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25669: Nlbo: locally published(A Reflection on the Haitian Graduates of 2005) (fwd)
The following appeared on the July 2005 issue of the Boston Haitian Reporter
under the title of:
Supporting the Class of 2005 and Beyond
Attending commencement ceremonies has been an annual occurrence during my 25
years in the education field. However, this yearâs graduations captured my
attention more than the previous ones. Commencement exercises for Cambridge
Rindge and Latin School (CRLS) class of 2005 and that of the Weston Jesuit School
of Theology (WJST) had kept me bewildered and pondering one more time on the
Educational state, interest and involvement of the Haitian community.
As a parent of a college student and one entering a higher institution in the
fall, I have been living young Haitiansâ lives through my childrenâs lenses,
their yahoogroups, and web sites. I have attended some national and local
student conferences and got to be aware of the second generationsâ concerns,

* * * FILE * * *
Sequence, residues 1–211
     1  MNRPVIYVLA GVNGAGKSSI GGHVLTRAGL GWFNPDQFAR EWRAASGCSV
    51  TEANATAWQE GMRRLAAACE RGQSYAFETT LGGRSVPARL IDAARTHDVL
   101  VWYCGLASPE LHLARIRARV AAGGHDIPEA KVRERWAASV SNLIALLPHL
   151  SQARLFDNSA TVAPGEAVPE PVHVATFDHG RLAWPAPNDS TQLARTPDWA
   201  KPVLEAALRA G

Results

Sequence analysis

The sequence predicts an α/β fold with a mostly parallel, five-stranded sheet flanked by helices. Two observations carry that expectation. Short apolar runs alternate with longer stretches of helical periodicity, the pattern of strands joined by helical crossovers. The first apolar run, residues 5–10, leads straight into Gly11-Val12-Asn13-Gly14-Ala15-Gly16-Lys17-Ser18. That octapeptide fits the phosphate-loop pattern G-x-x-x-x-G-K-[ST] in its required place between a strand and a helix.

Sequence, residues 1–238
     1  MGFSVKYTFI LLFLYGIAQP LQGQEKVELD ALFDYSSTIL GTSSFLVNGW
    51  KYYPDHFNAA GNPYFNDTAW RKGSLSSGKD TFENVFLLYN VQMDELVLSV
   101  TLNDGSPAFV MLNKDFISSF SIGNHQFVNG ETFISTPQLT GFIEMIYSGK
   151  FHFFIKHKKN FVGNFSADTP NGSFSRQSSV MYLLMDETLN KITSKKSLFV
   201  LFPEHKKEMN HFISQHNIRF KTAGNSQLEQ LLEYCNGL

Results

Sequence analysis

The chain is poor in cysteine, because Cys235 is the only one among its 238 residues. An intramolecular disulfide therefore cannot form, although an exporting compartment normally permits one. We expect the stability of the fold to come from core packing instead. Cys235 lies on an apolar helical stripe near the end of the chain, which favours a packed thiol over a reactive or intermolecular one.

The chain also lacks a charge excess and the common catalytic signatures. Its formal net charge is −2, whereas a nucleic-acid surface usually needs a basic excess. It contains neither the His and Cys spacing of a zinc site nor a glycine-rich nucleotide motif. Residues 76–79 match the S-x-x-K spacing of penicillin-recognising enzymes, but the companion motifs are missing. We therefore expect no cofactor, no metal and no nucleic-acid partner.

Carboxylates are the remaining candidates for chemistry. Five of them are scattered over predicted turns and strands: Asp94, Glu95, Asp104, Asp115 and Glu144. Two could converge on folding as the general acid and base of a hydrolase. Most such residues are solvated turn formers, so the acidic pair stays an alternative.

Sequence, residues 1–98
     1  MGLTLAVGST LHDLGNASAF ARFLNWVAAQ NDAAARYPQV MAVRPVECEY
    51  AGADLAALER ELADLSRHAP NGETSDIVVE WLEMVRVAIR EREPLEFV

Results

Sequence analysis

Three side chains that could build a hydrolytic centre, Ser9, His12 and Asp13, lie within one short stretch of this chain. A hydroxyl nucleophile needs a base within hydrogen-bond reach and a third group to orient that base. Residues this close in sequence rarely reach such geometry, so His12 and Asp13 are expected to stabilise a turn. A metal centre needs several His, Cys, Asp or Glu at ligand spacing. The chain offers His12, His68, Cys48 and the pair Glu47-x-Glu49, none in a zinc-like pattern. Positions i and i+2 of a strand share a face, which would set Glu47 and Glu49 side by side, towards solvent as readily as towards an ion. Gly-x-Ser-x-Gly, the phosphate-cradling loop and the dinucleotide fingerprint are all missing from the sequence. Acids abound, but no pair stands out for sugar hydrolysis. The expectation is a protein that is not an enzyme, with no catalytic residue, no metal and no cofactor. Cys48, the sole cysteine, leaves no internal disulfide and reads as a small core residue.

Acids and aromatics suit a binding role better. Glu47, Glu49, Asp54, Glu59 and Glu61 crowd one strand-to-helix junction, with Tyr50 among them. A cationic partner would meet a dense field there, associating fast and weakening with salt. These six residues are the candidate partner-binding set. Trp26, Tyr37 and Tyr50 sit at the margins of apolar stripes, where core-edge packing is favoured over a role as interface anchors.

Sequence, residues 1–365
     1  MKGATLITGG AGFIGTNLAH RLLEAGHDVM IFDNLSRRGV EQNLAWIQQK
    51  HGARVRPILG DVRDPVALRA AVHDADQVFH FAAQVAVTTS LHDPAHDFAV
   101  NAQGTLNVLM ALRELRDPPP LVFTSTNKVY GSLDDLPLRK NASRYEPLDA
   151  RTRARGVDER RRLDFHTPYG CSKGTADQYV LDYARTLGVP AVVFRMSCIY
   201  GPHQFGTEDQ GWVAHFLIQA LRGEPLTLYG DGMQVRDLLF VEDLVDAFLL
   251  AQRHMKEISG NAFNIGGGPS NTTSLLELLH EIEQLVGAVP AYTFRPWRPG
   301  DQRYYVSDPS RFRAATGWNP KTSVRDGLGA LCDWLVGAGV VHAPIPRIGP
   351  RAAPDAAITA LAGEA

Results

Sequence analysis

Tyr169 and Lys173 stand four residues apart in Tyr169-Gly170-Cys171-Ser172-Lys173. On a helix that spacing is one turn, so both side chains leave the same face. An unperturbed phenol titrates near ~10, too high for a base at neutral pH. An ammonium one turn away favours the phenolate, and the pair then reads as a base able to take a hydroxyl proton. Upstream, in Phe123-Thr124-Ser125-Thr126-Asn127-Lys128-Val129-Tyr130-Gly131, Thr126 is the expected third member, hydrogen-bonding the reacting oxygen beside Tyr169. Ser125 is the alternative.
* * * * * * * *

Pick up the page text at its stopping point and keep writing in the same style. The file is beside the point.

their love for Haiti and their eagerness to be integrated in the community. I
have also seen a generation of college student that is basically on their own
navigating two distinct cultures.
I have been addressing the needs to provide a nurturing and welcoming
community to Haitian college students since l995 in my church community to no avail.
The Haitian community is so fragmented, so unfocused that they donât think of
the university students who have no âfamiliesâ around them during school
breaks or long holiday weekends such as Thanksgiving.
When I ponder on each Graduating class of 2005, Haitian students literarily
âbeat the odds.â Graduating from High school and succeeding in college
without the expectation and support of influential segments of oneâs community or
any close role models is also a miracle.
I doubt that the larger Haitian community knew that Littane D. Bien Aime, one
of the Executive board members of Cambridge Rindge and Latin School (CRLS)
class of 2005 walked up seven times to receive various awards and scholarships
on award night. Joanne Randolph, the daughter of a first generation Haitian
immigrant not only got five awards and scholarships, she was the Vice President
of CRLS senior class of 2005. There was no Haitian radio host, no media to